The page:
United States District Court, D. South Carolina, Aiken Division
Anthony D. Williams, Plaintiff,
Mrs. Bennett, Defendant.
C. Coggins, Jr., United States District Judge.
before the Court is Plaintiff's motion to reconsider the
Court's Order, ECF No. 176, adopting in part and
declining to adopt in part the Report and Recommendation
(“Report”) of the United States Magistrate Judge,
ECF No. 171. ECF No. 189. Defendant filed a response in
opposition. ECF No. 197. Having carefully considered the
motions, the response, the record, and the applicable law, it
is the judgment of the Court that Plaintiff's motion is
granted in part, denied in part, and held in abeyance in
States Magistrate Judge Shiva V. Hodges issued a Report
recommending Defendant's motion for summary judgment be
granted. ECF No. 171. Plaintiff filed objections. ECF No.
175. On August 30, 2018, this Court entered an Order adopting
in part and declining to adopt in part the recommendation of
the Report; the Court granted summary judgment in favor of
Defendants with respect to all claims except for
Plaintiff's claim for excessive force against Ms.
Bennett. ECF No. 178.
LAW AND ANALYSIS
of the Federal Rules of Civil Procedure allows a party to
seek an alteration or amendment of a previous order of the
court. Fed.R.Civ.P. 59(e). Under Rule 59(e), a court may
“alter or amend the judgment if the movant shows either
(1) an intervening change in the controlling law, (2) new
evidence that was not available at trial, or (3) that there
has been a clear error of law or a manifest injustice.”
Robinson v. Wix Filtration Corp., 599 F.3d 403, 407
(4th Cir. 2010); see also Collison v. Int'l Chem.
Workers Union, 34 F.3d 233, 235 (4th Cir. 1994). It is
the moving party's burden to establish one of these three
grounds in order to obtain relief. Loren Data Corp. v.
GXS, Inc., 501 Fed.Appx. 275, 285 (4th Cir. 2012). The
decision whether to reconsider an order under Rule 59(e) is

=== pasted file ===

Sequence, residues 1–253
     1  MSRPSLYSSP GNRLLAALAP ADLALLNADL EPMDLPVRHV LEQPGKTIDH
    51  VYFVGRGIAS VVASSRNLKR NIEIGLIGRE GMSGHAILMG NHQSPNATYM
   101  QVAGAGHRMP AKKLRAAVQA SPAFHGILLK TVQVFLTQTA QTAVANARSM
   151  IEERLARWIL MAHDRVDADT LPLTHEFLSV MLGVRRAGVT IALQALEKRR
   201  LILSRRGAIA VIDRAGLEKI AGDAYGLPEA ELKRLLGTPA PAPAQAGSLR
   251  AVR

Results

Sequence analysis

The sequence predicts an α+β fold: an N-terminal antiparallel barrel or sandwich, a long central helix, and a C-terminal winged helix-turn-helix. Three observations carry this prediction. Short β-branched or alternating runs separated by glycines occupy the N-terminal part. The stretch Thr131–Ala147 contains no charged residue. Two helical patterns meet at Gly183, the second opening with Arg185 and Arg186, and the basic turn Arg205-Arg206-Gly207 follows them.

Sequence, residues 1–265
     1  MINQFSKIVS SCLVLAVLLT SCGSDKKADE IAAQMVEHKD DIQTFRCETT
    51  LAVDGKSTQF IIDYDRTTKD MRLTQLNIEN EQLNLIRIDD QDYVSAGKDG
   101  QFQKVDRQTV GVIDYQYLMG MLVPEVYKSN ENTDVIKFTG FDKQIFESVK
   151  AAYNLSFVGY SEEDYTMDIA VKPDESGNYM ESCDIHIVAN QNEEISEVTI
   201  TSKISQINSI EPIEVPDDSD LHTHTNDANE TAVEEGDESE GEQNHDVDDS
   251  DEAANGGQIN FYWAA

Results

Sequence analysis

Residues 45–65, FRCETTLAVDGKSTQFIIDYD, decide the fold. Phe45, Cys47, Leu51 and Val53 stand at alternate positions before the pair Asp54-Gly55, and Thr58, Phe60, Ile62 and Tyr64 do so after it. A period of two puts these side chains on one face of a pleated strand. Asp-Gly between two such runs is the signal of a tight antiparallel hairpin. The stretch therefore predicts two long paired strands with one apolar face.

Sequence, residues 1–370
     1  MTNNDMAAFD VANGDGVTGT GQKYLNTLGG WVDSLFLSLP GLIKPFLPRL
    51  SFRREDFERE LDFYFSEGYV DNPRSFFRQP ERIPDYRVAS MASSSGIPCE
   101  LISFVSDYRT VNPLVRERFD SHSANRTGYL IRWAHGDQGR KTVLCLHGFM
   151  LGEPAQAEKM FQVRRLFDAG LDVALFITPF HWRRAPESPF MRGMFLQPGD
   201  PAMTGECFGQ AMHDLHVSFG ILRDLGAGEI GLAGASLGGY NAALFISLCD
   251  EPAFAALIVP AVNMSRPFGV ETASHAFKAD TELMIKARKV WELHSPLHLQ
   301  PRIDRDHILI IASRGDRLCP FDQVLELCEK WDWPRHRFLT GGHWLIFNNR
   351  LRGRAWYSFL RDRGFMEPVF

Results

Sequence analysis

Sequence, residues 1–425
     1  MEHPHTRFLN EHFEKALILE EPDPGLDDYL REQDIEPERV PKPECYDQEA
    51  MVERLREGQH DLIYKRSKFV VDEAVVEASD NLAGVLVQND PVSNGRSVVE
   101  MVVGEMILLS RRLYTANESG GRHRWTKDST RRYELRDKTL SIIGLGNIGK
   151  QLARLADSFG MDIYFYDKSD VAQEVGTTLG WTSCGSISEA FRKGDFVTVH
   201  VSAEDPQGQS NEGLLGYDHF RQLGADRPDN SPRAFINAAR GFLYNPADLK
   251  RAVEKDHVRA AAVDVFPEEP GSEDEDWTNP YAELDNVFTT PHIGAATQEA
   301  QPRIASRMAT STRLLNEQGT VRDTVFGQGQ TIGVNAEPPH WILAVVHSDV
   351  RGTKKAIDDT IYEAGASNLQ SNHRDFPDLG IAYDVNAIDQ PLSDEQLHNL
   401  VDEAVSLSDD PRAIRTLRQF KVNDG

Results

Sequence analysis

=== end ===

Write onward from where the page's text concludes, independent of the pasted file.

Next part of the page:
within the sound discretion of the district court. Hughes
v. Bedsole, 48 F.3d 1376, 1382 (4th Cir. 1995). A motion
to reconsider should not be used as a “vehicle for
rearguing the law, raising new arguments, or petitioning a
court to change its mind.” Lyles v. Reynolds,
C/A No. 4:14-1063-TMC, 2016 WL 1427324, at *1 (D.S.C. Apr.
12, 2016) (citing Exxon Shipping Co. v. Baker, 554
U.S. 471, 485 n.5 (2008)).
Court held a hearing by telephone with respect to whether
Plaintiff should be permitted to conduct limited discovery
regarding his FTCA claims. For the reasons stated in that
hearing, the Court will permit limited discovery of this
issue. Plaintiff's motion is granted with respect to his
request to conduct discovery. The motion is held in abeyance
with respect to his remaining FTCA claims.
Indifference to Serious Medical Needs
asserts that the Court erred in granting summary judgment
with respect to his claim of deliberate indifference to
serious medical needs against Dr. Onuoha. In support of his
argument, Plaintiff attaches the affidavits of six other
inmates and incorporates his prior affidavits. Defendants
argue that these affidavits were not previously offered in
opposition to the motion for summary judgment. While the
Court agrees that they were not offered in Plaintiff's
response in opposition to the motion for summary judgment,
these affidavits were in the record and were considered by
the Court. Accordingly, the Court will address them.
review of the proffered affidavits from inmates other than
Plaintiff, the Court finds that these affidavits do not
require reconsideration of its prior ruling. The affidavits
mostly relate to the death of another inmate, allegedly from
a lack of adequate medical care, or complaints by those
individuals regarding their medical treatment. No. inmate
offers any information with respect to Plaintiff's
respect to Plaintiff's remaining exhibits, the Court
incorporates its prior discussion and the Magistrate
Judge's prior discussion of the medical evidence in the
record. Plaintiff's allegations that he was denied
adequate medical treatment are not supported by the record.
The records indicate that Plaintiff was consistently treated
and was referred to pain management counseling. As previously
stated in this case, Plaintiff is entitled to a certain
minimum level of medical treatment, not his choice of